Not to my knowledge, from what seems to be publicly known so far, but that’s not the important thing. The important thing is what somebody like Mueller might come across in a years-long investigation of anything and everything to do with the Trump campaign.  Remember that Ken Starr never proved anything about the Whitewater land deal, the ostensible reason for his investigation. All it took was to catch Clinton lying in response to a question that was irrelevant to Whitewater, and the impeachment wheels started turning.

Mueller has a mandate to look into all kinds of financial records.  Trump and his associates would be very strange oligarchs indeed not to have committed any financial crimes in their glorious histories. That’s where I would expect results. Don’t get too focused on “Russia hacked the election!”. I doubt that that’s the end game here.

Most important, don’t get sucked into the world view that says Trump is the problem. He’s only a symptom. The Rep Party is a symptom. The Dem Party is a symptom, as was the Clinton campaign.  The disease is extreme concentration of wealth, which will always be concentration of political power, regardless of any laws that might try to segregate them.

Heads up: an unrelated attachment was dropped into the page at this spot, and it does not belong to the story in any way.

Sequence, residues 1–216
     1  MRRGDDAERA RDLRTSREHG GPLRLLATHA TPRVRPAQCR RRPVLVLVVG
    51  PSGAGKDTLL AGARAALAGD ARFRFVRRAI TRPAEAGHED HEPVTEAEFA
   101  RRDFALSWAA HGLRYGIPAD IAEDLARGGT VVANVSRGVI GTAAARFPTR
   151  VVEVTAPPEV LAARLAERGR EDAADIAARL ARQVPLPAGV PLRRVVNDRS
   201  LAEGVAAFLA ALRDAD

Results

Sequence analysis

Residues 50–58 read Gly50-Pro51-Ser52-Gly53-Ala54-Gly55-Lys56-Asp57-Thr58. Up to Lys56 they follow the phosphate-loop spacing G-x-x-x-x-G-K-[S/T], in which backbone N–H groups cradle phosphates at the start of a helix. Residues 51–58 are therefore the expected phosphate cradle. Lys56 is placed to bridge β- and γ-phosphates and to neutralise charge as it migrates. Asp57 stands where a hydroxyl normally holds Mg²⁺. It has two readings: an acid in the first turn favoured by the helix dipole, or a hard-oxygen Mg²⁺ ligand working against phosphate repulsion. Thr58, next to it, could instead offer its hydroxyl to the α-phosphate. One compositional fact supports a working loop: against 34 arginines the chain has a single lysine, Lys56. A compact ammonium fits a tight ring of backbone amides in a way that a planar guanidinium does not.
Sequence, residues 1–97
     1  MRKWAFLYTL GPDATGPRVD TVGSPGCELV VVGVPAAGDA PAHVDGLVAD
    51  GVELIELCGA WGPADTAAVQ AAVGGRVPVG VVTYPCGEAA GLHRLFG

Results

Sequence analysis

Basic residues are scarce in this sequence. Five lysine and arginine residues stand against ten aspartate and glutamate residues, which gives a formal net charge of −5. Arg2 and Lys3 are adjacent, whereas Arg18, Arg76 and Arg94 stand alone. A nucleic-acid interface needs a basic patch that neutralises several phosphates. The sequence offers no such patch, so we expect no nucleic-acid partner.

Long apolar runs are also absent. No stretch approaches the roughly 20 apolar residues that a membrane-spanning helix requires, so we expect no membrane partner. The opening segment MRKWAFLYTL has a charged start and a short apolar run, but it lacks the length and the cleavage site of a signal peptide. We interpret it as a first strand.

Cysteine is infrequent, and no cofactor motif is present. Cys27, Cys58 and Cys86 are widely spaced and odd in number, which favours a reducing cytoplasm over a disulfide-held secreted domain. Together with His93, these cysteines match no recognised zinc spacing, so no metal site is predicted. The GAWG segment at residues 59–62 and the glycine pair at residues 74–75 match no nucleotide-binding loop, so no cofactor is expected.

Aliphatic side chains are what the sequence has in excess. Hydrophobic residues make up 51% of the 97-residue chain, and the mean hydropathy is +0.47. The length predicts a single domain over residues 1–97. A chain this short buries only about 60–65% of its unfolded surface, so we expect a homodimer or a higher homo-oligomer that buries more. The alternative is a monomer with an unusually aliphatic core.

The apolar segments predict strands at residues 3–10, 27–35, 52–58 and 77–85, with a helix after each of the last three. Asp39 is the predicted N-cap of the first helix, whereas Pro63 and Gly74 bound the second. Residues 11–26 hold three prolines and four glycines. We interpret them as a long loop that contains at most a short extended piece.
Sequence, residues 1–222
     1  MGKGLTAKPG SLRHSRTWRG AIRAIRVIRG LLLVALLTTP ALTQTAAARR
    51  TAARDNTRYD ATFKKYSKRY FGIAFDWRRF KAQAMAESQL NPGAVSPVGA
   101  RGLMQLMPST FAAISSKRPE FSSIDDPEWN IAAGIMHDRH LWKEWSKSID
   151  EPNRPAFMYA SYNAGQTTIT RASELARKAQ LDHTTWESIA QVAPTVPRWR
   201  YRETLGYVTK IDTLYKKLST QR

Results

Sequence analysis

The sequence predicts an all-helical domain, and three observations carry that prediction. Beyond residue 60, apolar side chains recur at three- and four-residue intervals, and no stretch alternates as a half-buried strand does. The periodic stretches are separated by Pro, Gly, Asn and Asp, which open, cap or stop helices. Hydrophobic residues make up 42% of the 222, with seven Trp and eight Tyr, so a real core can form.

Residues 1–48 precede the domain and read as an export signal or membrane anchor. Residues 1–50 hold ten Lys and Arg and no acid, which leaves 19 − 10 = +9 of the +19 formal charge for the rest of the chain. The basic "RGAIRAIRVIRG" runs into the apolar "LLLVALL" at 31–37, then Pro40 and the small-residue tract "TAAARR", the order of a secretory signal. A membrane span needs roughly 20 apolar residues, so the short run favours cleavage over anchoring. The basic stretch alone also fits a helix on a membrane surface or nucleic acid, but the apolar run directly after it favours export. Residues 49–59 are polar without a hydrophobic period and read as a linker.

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4 Responses to Russiagate

  1. Jeff Lebow says:

    Trump is most vulnerable to charges of obstruction of justice rather than collusion.

    • kitchenmudge says:

      Aye. As they often said about Watergate, “The coverup is what they getcha for, not the crime.” In this case, it would be lying about anything at all relevant to the investigation.

  2. Darius Sarrafi says:

    This government is practically occupied by agents of Israel and that is not called collusion!

  3. Pingback: Jill Stein’s Reality Check on Russiagate, Election Integrity, and More | Beanstock's World